She turned her attention to the dog. At first glance it was indeed grim-like, but its white and brown fur (complete with bow on its head) and pretty pink collar rather spoiled that image. Foreign Guy apparently had managed to reconnect the dog to its chain, a fact that displeased the dog greatly.

That thought – that the dog was displeased – brought the Auror up short and she turned her attention back to the dog's face. Yes, she was certain the dog looked displeased. There was something in the set of its jaw, in the way the skin around its nose crinkled, in the hate and loathing shining in its bright red eyes.

The dog smirked at the Auror before slowly advancing on her and growling. It looked quite ready to attack.

"Look out!" a voice shouted from farther down the alley. Everyone, including the dog, turned their attention toward the sound.

And at that exact moment, a cow plopped down directly between the Auror and the dog.

A squat little farmer came running toward the group. "How many times have I told you no trying to leap over the moon," he shouted at the cow.

"Moo," the cow replied.

"Grrrrrr," the dog threatened.

And then … in a move considered bizarre even in the magical world … the cow bent down and swallowed the dog whole.

Beaver Boy froze in place; Goldy fainted; Mister Fish slapped a hand over his mouth and gagged; Fancy Pants cleared his throat conspicuously; Foreign Guy jangled the now empty chain and cried, "my dog!"

The cow, now done chewing, glowed red.

"Oh dear," said the farmer.

"Looks like I picked the wrong week to stop snorting pixie dust," muttered the Auror as she pulled a little gold box from her pocket.

"You, ah, wouldn't mind sharing some of that, would ya?" asked Mister Fish.

It would be some hours later when the impromptu party broke up. By then the Auror and Mister Fish were engaged, Beaver Boy had shaved his head (and been renamed Egghead), Goldy had found religion, Foreign Guy and the farmer had bonded over the cow, and no one could recall the events that had lead to their gathering in the first place.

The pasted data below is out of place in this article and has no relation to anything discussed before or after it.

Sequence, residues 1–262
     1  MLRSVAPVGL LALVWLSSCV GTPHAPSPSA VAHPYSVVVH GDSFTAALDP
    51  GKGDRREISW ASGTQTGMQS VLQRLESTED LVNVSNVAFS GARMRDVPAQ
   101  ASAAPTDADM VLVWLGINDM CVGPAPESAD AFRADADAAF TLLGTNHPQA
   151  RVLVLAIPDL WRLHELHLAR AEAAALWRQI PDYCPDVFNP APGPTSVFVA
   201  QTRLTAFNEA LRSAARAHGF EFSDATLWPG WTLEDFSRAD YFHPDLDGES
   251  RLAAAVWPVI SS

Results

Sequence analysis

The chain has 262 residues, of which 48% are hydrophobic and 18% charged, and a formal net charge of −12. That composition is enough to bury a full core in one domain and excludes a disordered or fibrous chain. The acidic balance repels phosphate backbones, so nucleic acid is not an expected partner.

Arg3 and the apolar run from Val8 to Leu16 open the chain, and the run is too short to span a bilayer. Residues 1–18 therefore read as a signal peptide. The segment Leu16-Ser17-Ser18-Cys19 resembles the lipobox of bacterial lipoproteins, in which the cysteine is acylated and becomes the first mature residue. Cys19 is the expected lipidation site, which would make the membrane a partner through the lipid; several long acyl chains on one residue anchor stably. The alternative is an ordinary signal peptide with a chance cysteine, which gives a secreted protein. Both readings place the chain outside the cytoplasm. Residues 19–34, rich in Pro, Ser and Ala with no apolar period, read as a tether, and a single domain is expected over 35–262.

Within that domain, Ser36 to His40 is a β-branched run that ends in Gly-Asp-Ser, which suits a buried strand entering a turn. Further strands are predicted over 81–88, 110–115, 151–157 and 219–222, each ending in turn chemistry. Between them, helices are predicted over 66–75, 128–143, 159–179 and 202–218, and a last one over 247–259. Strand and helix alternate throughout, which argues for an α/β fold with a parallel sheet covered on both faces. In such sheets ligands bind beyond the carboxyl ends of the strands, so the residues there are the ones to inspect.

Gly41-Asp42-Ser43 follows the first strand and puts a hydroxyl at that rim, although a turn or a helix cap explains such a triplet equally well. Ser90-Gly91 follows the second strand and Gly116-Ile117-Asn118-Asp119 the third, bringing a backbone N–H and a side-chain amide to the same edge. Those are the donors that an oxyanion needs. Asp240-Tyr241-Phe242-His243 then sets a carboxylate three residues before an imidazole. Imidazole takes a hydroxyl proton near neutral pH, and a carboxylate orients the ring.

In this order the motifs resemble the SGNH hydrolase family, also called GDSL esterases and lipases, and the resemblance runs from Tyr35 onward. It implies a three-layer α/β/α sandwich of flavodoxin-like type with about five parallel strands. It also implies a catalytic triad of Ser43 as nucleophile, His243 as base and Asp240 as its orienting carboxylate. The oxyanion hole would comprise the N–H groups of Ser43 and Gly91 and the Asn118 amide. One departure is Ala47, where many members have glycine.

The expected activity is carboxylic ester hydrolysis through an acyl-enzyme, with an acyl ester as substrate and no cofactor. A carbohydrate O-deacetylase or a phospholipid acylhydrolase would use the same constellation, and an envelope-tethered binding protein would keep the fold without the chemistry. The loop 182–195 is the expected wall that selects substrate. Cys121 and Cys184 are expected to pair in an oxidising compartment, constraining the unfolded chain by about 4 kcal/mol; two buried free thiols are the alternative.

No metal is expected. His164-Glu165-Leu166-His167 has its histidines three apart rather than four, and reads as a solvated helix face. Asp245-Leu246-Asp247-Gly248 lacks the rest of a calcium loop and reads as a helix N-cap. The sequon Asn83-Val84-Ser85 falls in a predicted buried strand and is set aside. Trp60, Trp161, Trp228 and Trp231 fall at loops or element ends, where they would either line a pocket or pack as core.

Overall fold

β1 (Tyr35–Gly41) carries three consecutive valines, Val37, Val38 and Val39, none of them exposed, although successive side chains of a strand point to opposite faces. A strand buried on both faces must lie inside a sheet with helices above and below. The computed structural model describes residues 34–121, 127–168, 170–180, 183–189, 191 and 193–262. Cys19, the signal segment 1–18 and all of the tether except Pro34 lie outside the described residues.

1400 hours, 6 November, 1981
Office of the Headmaster
Hogwarts School of Witchcraft & Wizardry, Scotland

Albus Dumbledore sucked on a Blood Pop as he considered little Harry Potter's miraculous survival. The rest of the world believed the child's survival meant Lord Voldemort's death. In his gut, he knew better. His first thought had been that Tom has used the worst sort of magic to tie his soul to this plane of existence, but he couldn't find any evidence of such. If only he had some clue … some indication that Tom's soul was still here … a sighting … an unexplainable occurrence … anything.

But there was nothing. Not a single Auror's report to indicate something was stirring. The nanny hadn't even had anything of value in her statement, or so Moody had told him. Meanwhile, he had a mountain of paperwork for the Wizengamot, and someone had transfigured the statue of Boris the Bewildered into Belinda the Bewildered, and that girl's bathroom on the second floor was flooded again, and Flitwick and Hooch had gotten into another fist fight over England's chances at the World Cup.